MDA-MB-231-luc2, IVIS, Breast Cancer, Bioware
      12. Abstract :
        Breast cancer is a major challenge for pharmacologists to develop new drugs to improve the survival of cancer patients. Frondoside A is a triterpenoid glycoside isolated from the sea cucumber, Cucumaria frondosa. It has been demonstrated that Frondoside A inhibited the growth of pancreatic cancer cells in vitro and in vivo. We investigated the impact of Frondoside A on human breast cancer cell survival, migration and invasion in vitro, and on tumor growth in nude mice, using the human estrogen receptor-negative breast cancer cell line MDA-MB-231. The non-tumorigenic MCF10-A cell line derived from normal human mammary epithelium was used as control. Frondoside A (0.01-5muM) decreased the viability of breast cancer cells in a concentration- and time-dependent manner, with 50%-effective concentration (EC50) of 2.5muM at 24h. MCF10-A cells were more resistant to the cytotoxic effect of Frondoside A (EC50 superior to 5muM at 24h). In the MDA-MB-231 cells, Frondoside A effectively increased the sub-G1 (apoptotic) cell fraction through the activation of p53, and subsequently the caspases 9 and 3/7 cell death pathways. In addition, Frondoside A induced a concentration-dependent inhibition of MDA-MB-231 cell migration and invasion. In vivo, Frondoside A (100mug/kg/dayi.p. for 24days) strongly decreased the growth of MDA-MB-231 tumor xenografts in athymic mice, without manifest toxic side-effects. Moreover, we found that Frondoside A could enhance the killing of breast cancer cells induced by the chemotherapeutic agent paclitaxel. These findings identify Frondoside A as a promising novel therapeutic agent for breast cancer.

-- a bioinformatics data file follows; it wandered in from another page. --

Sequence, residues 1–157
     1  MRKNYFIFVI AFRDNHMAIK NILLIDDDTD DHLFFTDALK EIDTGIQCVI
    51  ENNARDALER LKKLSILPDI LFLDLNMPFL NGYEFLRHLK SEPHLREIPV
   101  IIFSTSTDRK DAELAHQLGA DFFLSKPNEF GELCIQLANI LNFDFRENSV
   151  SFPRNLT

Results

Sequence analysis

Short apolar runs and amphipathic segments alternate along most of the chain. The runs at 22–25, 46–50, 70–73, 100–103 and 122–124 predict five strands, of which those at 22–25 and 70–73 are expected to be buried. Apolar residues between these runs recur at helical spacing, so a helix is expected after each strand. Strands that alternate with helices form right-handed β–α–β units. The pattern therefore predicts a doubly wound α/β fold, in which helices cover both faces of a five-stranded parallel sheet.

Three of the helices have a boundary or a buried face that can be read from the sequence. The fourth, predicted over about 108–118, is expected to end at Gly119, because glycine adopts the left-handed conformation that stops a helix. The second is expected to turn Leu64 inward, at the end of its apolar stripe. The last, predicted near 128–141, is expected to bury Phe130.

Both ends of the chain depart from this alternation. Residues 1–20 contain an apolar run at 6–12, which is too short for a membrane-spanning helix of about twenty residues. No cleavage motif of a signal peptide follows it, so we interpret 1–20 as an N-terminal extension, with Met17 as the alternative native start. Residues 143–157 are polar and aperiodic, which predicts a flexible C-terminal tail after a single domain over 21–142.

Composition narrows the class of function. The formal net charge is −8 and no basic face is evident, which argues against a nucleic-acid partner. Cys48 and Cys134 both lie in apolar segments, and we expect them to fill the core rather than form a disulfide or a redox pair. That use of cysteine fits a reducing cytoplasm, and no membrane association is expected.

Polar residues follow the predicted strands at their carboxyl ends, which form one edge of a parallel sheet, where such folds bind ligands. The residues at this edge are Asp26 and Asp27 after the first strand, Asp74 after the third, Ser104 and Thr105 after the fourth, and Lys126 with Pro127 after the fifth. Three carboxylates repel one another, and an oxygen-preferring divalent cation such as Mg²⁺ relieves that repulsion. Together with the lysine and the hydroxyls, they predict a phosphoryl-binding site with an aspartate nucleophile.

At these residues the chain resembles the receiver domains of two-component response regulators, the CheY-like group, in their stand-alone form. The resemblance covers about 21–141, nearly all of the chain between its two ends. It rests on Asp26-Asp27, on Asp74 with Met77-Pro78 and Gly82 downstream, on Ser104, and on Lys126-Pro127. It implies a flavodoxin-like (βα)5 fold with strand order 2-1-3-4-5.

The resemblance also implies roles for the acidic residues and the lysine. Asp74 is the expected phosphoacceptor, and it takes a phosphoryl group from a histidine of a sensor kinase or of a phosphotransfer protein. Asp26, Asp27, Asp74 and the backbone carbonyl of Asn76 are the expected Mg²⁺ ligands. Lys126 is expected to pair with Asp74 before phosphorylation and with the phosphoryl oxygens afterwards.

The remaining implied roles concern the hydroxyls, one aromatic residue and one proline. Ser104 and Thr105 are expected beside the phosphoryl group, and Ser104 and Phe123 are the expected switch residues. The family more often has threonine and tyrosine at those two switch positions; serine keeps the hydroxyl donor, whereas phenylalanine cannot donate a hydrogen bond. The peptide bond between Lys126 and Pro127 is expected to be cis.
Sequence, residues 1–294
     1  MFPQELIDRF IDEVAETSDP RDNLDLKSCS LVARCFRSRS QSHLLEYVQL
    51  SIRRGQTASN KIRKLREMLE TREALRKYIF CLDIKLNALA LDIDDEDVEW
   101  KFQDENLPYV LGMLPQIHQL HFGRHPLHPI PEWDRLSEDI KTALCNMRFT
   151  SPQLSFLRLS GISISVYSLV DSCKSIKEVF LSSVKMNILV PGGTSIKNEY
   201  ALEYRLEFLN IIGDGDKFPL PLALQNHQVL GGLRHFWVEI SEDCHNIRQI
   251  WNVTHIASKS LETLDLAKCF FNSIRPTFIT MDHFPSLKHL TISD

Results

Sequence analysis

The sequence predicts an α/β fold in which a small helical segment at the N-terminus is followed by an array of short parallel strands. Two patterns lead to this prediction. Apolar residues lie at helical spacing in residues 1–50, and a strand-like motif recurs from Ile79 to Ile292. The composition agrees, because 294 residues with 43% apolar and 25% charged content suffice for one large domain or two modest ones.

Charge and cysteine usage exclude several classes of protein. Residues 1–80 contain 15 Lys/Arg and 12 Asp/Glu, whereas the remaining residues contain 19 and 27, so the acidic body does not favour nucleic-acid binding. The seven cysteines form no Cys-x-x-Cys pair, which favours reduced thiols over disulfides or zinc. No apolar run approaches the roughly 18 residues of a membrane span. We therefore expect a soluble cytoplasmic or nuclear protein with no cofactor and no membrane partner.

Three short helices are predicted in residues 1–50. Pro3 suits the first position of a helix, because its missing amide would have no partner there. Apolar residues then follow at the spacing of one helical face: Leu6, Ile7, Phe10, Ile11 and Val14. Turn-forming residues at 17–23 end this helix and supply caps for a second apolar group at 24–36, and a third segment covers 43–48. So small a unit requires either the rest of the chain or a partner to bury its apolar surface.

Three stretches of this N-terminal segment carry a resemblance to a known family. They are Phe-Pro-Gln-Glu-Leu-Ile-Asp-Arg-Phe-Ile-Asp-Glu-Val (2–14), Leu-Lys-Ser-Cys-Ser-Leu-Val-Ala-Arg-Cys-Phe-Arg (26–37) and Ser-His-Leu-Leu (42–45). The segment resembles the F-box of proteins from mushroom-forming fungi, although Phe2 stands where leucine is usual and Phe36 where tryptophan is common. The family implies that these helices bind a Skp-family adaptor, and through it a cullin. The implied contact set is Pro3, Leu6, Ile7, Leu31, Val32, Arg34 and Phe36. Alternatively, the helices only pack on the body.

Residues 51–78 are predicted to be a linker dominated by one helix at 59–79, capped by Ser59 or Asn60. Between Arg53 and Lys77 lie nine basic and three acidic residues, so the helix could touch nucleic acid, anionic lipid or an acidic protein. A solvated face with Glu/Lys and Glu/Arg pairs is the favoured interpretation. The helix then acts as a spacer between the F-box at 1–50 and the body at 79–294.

13. URL :
        http://www.ncbi.nlm.nih.gov/pubmed/21741966
      14. Call Number :
        PKI @ kd.modi @ 7
      15. Serial :
        10490
      1. Author :
        Chauhan, A.; Lebeaux, D.; Ghigo, J. M.; Beloin, C.
      2. Title :
      3. Type :
        Journal Article
      4. Year :
        2012
      5. Publication :
        Antimicrob Agents Chemother
      6. Products :
      7. Volume :
        56
      8. Issue :
        N/A
      9. Page Numbers :
        N/A
      10. Research Area :
        N/A
      11. Keywords :
        Xen31, Xen 31, MRSA, S. aureus, IVIS, Bioluminescence
      12. Abstract :
        Biofilms that develop on indwelling devices are a major concern in clinical settings. While removal of colonized devices remains the most frequent strategy for avoiding device-related complications, antibiotic lock therapy constitutes an adjunct therapy for catheter-related infection. However, currently used antibiotic lock solutions are not fully effective against biofilms, thus warranting a search for new antibiotic locks. Metal-binding chelators have emerged as potential adjuvants due to their dual anticoagulant/antibiofilm activities, but studies investigating their efficiency were mainly in vitro or else focused on their effects in prevention of infection. To assess the ability of such chelators to eradicate mature biofilms, we used an in vivo model of a totally implantable venous access port inserted in rats and colonized by either Staphylococcus aureus, Staphylococcus epidermidis, Escherichia coli, or Pseudomonas aeruginosa. We demonstrate that use of tetrasodium EDTA (30 mg/ml) as a supplement to the gentamicin (5 mg/ml) antibiotic lock solution associated with systemic antibiotics completely eradicated Gram-positive and Gram-negative bacterial biofilms developed in totally implantable venous access ports. Gentamicin-EDTA lock was able to eliminate biofilms with a single instillation, thus reducing length of treatment. Moreover, we show that this combination was effective for immunosuppressed rats. Lastly, we demonstrate that a gentamicin-EDTA lock is able to eradicate the biofilm formed by a gentamicin-resistant strain of methicillin-resistant S. aureus. This in vivo study demonstrates the potential of EDTA as an efficient antibiotic adjuvant to eradicate catheter-associated biofilms of major bacterial pathogens and thus provides a promising new lock solution.
      13. URL :
        http://www.ncbi.nlm.nih.gov/pubmed/23027191
      14. Call Number :
        PKI @ kd.modi @ 4
      15. Serial :
        10552